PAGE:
A Newcastle University graduate has been stranded alone in Tonga since the start of coronavirus lockdown.
In March, Zoe Stephens was travelling around the Pacific where her adventures led her to explore Fiji.
As coronavirus rates of infection began to rocket the 26-year-old began to be wracked with anxiety and, in desperate need of a change of scenery, she booked a break to Tonga.
But after arriving on March 19, Fiji reported its first case of coronavirus and Tonga shut its borders.
10,000 miles from her friends and family - Zoe was trapped.
What was intended to be a peaceful weekend visit has now turned into a six-month ordeal.
Zoe, a graduate in Modern Languages and Linguistics, said: "I felt awful. Tonga is tiny. I felt I had explored the whole country the first day I got here.
"I didn't know anyone and I'd come here to escape all of this stress, now I had just added more stress on top.
"At the start, the locals were not friendly and wanted to stay away. I get it - I had come from Fiji and the day I arrived Fiji announced its first three cases. Now, the locals are friendly with me.
"It’s been a rollercoaster. I wake up to the sound of the sea, whales jumping, palm trees and sunshine. Yet I have very few friends, I am stuck out of reality and this is really not where I want to be. It's hard.
"And trying to appreciate it and making the most out of it is also hard. With this, also comes the guilt of not enjoying paradise."
Liverpool-born Zoe has been left to adapt to living in one of the few countries in the world where, for now at least, there are no recorded cases of coronavirus.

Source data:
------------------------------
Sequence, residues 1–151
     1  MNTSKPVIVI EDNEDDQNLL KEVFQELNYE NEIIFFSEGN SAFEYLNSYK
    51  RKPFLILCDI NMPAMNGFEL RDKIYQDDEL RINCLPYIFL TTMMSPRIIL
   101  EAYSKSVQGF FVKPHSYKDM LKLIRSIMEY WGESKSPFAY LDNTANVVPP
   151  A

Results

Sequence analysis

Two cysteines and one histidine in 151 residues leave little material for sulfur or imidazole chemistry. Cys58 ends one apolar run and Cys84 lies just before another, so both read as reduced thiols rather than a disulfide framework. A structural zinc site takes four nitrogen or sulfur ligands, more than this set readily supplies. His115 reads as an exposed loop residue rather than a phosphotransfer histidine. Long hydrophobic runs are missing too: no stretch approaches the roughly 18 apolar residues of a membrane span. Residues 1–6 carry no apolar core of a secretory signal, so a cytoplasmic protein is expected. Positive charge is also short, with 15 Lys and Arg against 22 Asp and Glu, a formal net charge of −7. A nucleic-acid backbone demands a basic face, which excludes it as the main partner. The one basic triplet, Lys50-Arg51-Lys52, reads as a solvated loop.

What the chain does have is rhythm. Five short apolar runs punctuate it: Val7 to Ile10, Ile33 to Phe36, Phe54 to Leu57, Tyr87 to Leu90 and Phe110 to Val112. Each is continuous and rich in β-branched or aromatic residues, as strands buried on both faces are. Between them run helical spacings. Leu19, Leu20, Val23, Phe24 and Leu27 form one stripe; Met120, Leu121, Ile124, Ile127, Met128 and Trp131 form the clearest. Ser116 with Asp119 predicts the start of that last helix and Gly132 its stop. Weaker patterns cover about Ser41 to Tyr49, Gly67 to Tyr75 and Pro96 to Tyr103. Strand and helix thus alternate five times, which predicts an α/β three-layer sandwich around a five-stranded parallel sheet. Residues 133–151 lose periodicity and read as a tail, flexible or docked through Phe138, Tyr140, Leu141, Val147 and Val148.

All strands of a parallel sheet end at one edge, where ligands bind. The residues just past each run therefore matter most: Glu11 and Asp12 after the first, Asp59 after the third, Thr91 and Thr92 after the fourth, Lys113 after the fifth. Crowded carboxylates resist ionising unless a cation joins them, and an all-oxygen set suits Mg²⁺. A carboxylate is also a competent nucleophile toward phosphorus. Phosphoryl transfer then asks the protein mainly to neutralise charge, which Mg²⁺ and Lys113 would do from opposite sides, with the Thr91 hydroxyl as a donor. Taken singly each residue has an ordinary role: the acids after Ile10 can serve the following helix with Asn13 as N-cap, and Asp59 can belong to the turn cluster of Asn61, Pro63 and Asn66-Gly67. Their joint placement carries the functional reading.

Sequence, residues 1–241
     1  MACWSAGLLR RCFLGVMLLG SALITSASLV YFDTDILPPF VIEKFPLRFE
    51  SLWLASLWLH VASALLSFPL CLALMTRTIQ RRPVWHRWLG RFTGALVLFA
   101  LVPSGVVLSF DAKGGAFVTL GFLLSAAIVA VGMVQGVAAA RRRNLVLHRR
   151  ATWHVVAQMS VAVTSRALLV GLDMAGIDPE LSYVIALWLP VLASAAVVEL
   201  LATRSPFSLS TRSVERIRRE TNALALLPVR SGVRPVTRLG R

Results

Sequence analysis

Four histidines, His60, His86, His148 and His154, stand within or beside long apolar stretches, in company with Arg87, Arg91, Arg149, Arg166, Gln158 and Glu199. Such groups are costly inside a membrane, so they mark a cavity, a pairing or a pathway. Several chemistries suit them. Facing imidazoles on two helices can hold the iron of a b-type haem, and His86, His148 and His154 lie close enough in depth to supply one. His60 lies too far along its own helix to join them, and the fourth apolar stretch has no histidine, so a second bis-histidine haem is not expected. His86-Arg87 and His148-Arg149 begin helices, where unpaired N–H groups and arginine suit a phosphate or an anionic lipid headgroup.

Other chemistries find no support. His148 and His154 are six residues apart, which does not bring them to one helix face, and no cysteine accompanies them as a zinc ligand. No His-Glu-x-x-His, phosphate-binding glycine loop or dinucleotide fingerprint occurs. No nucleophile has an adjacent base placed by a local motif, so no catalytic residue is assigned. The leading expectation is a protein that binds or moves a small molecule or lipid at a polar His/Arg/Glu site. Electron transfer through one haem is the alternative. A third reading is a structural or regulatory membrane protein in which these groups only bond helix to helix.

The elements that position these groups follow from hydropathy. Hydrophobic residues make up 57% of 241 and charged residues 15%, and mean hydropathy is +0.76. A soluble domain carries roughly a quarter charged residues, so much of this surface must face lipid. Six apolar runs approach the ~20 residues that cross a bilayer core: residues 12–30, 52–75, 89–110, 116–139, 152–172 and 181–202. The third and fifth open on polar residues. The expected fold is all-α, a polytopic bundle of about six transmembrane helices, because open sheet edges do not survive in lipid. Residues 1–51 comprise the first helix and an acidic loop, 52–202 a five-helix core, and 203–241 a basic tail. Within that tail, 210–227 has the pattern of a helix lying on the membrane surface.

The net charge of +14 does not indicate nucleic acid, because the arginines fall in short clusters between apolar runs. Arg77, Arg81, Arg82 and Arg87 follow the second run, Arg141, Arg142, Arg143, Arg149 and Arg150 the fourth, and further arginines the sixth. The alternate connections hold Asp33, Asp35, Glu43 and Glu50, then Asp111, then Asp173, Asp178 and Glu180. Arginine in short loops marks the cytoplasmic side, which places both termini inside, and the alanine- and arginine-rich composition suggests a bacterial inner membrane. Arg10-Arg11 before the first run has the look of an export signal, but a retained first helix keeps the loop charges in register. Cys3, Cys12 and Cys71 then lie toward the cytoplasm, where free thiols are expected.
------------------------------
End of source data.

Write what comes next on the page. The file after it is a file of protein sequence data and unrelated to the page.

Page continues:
When the borders closed what was already a tight knit nation became even tighter.
Nationals were banned from travelling to the next village, police checkpoints were introduced, and a curfew was imposed from midnight to 5am.
But to add to the drama in April, Cyclone Harold hit Tonga, bringing heavy rain, strong wind and large storm surges which led to Zoe’s house being flooded.
She added: "One of the hardest things was going through Cyclone Harold. It flooded the house I was staying in, washing away a lot of my possessions.
"Luckily, I still had my passport, but my wallet and bag went. To this day, I still have not been able to get my bank card delivered here and have been surviving on other foreigners sending money online.
"I have to appreciate the fact that this is a once-in-a-lifetime opportunity. I am never ever in my life going to be in this position again. I live on the beach in a big 3-bedroom house on one of the most beautiful beaches in the world.
"I have surfing, a beautiful coral reef, and whales in my back garden, literally. It's sunny 90% of the time and the streets are lined with palm trees."
As the restrictions ease Zoe, a Beijing-based tour leader and social media specialist for Koryo Tours, is waiting anxiously to be able to leave the island.
However, even when she does her work is on hold due to global travel restrictions.
So, in a bid to make the best of a bad situation Zoe began working with a newly formed organization, the Tonga Animal Welfare Society (TAWS).
TAWS was established as Tonga’s first animal welfare organization by a group of animal-loving residents to bring education to schools on the islands and support the community both in homes and farms to learn how to look after their animals.
And dogs are often more likely to be considered a nutrition source rather than a companion animal.
To help raise money for TAWS, on October 17 Zoe ran 45km from the North West tip of the island and finished on the North East coast at Tonga's most famous monument—the Haʻamonga ʻa Maui stone trilithon.
She said: "My fundraiser is my small attempt to thank the people of Tonga for the kindness and hospitality that they have shown to me while I have been here.
"I've been an animal lover since I can remember, the place I stay has 3 dogs - so animals and especially dogs have been a big part of my life here. Dogs keep you company for sure.
"The charity is new so it needs all the help that it can get."
To date, her GoFundMe campaign has raised £2,360. Her goal is to raise at least £4,500, representing £1 for every ten metres she ran.
Zoe has documented her stay on her YouTube channel, Zoe Discovers, and her Instagram page, @ifyouwerestrandedonanisland.